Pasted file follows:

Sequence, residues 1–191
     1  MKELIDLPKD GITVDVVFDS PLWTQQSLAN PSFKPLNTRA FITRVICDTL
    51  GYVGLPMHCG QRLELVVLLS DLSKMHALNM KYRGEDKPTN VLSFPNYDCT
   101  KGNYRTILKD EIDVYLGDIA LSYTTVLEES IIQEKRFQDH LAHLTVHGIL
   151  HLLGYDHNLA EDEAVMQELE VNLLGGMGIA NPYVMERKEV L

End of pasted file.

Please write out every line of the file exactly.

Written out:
Sequence, residues 1–191
     1  MKELIDLPKD GITVDVVFDS PLWTQQSLAN PSFKPLNTRA FITRVICDTL
    51  GYVGLPMHCG QRLELVVLLS DLSKMHALNM KYRGEDKPTN VLSFPNYDCT
   101  KGNYRTILKD EIDVYLGDIA LSYTTVLEES IIQEKRFQDH LAHLTVHGIL
   151  HLLGYDHNLA EDEAVMQELE VNLLGGMGIA NPYVMERKEV L